VA-GOV: Deeds Dominating Among Unlikely Voters
If you want to measure Democrats' motivation problem in Virginia, it's helpful to think about a little-discussed category in polling: the unlikely voter. Polls, ...
If you want to measure Democrats' motivation problem in Virginia, it's helpful to think about a little-discussed category in polling: the unlikely voter.
Polls, of course, sometimes measure the opinions of all adults, sometimes only measure responses of registered voters and sometimes focus exclusively on those who the pollster determines are likely to vote.
Invariably, when a pollster measures likely voters some registered voters don't make the cut (because they say they don't plan on voting, because they haven't voted in recent elections, etc.). Those are unlikely voters, though I've never heard a pollster call them that. In fact, you'll almost never hear pollsters talk about this group of registered voters, which is a shame because looking at unlikely voters is a good way to determine who isn't motivated to turnout in an election.
The Washington Post polled the Virginia governor's race last week and found what other pollsters have been finding. Republican Bob McDonnell has a big lead over Democrat Creigh Deeds.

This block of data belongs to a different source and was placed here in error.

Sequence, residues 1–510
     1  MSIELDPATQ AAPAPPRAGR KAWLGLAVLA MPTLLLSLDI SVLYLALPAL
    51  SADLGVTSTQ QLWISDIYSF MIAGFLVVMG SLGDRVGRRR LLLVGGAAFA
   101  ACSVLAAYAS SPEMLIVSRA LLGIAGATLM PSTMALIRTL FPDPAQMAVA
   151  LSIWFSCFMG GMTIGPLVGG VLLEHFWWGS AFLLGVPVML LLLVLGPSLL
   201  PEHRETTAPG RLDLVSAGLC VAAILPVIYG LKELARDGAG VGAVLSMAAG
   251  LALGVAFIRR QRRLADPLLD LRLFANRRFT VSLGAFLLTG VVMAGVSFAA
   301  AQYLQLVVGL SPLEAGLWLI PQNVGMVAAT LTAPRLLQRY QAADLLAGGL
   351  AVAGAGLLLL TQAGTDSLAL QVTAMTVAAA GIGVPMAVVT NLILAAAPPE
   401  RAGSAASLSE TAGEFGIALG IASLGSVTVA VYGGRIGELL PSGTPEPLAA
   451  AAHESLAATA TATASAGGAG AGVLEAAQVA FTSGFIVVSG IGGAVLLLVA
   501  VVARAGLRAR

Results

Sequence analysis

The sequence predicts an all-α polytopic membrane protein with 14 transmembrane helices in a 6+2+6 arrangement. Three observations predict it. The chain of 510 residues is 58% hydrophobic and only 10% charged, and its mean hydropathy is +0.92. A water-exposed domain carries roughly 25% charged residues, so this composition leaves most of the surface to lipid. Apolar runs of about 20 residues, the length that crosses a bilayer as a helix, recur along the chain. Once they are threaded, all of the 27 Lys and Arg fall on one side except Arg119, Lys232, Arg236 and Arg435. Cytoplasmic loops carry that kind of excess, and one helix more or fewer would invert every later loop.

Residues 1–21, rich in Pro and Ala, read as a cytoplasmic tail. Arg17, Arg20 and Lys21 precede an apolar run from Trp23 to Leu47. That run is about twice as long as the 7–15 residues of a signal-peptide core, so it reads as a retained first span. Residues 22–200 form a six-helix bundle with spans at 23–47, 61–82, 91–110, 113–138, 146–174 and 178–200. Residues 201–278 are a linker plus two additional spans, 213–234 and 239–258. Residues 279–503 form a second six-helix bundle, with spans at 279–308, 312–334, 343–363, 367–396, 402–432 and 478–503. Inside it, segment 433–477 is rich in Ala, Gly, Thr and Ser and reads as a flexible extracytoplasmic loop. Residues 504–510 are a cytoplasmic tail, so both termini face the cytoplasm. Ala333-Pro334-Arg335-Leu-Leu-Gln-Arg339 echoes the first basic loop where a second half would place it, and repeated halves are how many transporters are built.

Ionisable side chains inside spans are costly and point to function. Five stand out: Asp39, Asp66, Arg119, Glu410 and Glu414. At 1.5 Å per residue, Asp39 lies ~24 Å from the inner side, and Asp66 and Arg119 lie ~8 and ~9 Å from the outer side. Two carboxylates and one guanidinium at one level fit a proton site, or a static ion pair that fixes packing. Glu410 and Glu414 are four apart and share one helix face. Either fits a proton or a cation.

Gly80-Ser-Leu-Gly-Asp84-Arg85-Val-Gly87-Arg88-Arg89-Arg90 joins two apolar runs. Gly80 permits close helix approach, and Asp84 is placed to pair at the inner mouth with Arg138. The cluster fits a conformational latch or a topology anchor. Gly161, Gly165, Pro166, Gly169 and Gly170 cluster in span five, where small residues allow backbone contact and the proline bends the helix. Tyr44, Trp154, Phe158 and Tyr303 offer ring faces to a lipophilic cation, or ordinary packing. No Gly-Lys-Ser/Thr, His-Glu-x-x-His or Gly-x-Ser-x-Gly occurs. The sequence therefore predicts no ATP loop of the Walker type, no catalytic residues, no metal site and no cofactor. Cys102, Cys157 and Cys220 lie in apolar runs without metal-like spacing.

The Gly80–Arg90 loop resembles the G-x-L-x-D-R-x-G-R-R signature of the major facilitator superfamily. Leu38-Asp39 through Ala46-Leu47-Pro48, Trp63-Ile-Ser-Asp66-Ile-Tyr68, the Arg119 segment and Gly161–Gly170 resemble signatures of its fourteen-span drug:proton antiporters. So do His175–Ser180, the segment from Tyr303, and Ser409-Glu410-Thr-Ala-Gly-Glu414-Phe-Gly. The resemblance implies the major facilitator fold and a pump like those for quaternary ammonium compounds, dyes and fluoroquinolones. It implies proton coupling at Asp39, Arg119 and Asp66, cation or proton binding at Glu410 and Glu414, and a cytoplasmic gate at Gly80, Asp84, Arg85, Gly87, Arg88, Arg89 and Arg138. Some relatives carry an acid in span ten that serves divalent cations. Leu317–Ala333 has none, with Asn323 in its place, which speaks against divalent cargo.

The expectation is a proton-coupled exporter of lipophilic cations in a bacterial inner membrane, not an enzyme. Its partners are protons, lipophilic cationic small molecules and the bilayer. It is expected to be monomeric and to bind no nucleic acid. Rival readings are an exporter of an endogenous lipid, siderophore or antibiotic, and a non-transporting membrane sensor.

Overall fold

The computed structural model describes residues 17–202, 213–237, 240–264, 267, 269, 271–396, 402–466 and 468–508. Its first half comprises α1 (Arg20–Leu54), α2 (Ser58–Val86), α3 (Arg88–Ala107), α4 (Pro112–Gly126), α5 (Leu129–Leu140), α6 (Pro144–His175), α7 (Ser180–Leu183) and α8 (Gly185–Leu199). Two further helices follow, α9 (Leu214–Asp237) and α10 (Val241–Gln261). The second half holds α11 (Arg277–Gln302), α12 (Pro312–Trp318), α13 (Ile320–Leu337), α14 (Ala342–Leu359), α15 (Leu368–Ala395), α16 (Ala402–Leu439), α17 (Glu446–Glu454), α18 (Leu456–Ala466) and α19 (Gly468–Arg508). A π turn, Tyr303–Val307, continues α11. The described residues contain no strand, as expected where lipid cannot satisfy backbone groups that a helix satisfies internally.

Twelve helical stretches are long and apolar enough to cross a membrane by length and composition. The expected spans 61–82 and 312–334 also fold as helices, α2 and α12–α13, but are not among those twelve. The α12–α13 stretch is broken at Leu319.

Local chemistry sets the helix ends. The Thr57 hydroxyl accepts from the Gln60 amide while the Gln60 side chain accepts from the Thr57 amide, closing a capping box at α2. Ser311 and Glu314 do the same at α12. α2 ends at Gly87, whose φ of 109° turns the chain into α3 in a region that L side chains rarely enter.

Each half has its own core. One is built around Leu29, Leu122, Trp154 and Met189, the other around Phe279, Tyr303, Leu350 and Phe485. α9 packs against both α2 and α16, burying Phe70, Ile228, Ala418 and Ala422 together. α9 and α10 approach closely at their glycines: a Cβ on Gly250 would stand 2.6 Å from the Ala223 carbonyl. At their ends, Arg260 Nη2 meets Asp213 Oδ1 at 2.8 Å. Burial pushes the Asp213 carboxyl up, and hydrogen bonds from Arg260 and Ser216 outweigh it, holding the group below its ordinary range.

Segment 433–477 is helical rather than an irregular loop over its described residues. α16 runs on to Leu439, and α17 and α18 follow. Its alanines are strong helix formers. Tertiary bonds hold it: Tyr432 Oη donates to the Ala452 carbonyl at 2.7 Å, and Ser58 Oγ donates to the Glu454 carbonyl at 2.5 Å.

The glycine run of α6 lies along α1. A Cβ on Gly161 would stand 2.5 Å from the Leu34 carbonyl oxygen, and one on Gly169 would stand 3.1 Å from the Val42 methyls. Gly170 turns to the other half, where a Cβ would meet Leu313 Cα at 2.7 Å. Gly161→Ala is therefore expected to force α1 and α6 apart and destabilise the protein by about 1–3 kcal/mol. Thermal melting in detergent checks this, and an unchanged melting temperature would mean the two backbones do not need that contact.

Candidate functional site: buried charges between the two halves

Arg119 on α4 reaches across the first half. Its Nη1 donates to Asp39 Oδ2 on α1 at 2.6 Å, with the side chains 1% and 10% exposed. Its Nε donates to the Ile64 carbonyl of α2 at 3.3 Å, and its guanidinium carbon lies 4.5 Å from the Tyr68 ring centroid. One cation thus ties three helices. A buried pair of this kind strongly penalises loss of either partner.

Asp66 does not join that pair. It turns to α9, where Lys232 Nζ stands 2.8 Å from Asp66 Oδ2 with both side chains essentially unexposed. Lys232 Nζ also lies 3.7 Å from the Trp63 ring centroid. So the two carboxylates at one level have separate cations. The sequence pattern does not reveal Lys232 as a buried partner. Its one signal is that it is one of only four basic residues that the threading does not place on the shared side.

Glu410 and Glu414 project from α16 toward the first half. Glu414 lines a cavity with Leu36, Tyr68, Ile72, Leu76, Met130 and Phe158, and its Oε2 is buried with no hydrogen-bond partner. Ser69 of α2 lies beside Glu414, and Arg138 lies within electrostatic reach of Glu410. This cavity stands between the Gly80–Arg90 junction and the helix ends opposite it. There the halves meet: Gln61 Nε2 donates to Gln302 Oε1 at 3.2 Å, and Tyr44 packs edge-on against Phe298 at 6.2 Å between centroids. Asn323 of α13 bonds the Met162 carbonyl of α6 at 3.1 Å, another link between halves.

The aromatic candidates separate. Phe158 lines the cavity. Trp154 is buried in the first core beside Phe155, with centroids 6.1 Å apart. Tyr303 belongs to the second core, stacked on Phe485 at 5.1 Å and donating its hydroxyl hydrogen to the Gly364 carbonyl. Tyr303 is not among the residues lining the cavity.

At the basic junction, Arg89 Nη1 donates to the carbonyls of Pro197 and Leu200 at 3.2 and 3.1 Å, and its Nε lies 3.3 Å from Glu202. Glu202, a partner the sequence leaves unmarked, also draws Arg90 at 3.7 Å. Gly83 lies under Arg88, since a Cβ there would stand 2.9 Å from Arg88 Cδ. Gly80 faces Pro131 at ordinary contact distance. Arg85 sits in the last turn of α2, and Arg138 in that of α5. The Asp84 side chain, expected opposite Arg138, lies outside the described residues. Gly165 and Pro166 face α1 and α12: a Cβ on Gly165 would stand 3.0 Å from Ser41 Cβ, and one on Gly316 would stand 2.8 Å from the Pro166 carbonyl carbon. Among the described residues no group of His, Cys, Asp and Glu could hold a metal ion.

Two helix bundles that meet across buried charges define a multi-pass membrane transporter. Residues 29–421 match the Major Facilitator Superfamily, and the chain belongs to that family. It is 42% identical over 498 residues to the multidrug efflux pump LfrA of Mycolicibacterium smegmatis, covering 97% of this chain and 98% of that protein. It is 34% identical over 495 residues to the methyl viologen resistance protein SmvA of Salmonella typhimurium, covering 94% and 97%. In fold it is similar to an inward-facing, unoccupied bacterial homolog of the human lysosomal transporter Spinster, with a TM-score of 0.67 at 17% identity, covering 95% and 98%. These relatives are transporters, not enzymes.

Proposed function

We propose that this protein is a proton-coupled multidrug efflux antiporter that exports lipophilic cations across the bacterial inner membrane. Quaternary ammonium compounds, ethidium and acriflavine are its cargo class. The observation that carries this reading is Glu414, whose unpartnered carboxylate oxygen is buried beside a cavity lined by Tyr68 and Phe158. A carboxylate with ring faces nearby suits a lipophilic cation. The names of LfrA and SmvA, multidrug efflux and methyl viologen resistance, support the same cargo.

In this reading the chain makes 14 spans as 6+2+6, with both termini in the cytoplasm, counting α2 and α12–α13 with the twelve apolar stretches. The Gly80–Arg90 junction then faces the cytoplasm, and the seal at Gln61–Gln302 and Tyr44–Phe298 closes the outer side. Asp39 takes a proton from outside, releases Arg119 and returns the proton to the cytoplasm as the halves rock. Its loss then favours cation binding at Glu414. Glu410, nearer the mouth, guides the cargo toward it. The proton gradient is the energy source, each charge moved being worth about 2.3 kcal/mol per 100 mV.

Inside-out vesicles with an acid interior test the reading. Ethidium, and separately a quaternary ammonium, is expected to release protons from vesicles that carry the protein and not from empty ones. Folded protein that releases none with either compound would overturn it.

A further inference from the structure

Helpfully, the Post released polling numbers among both likely voters and registered voters. McDonnell leads 54%-39% among the 601 likely voters who were sampled. His lead is more modest, 47%-40%, among all 868 registered voters the Post sampled.
Based on those numbers, it takes just a little bit of simple math to extrapolate the views of the 267 unlikely voters in the Post poll. The results, based on my calculations, are 42% for Deeds, 31% for McDonnell and 27% undecided. Finally, some good news for Deeds: He enjoys a double-digit lead among unlikely voters.
That, to me, is the strongest indication yet that Virginia Democrats are unmotivated after their victories in recent years. The danger for the party is that if Democrats, uninterested in the gubernatorial race, don't show up, a modestly good Republican year could turn into a landslide up and down the ballot.
Control of the state House of Delegates is up for grabs and Democrats were very optimistic about winning the attorney's general race (and somewhat optimistic about the lieutenant governor's race) until a couple of months ago.
Deeds' deficit among registered voters is evidence he needs to persuade more Virginians that he will make the best governor. Still, his biggest challenge (and the one most relevant to the rest of the Democratic ticket) is persuading people who are predisposed to think he will make the best governor to actually vote. Getting unlikely voters to the polls isn't impossible, but it is, well, unlikely.
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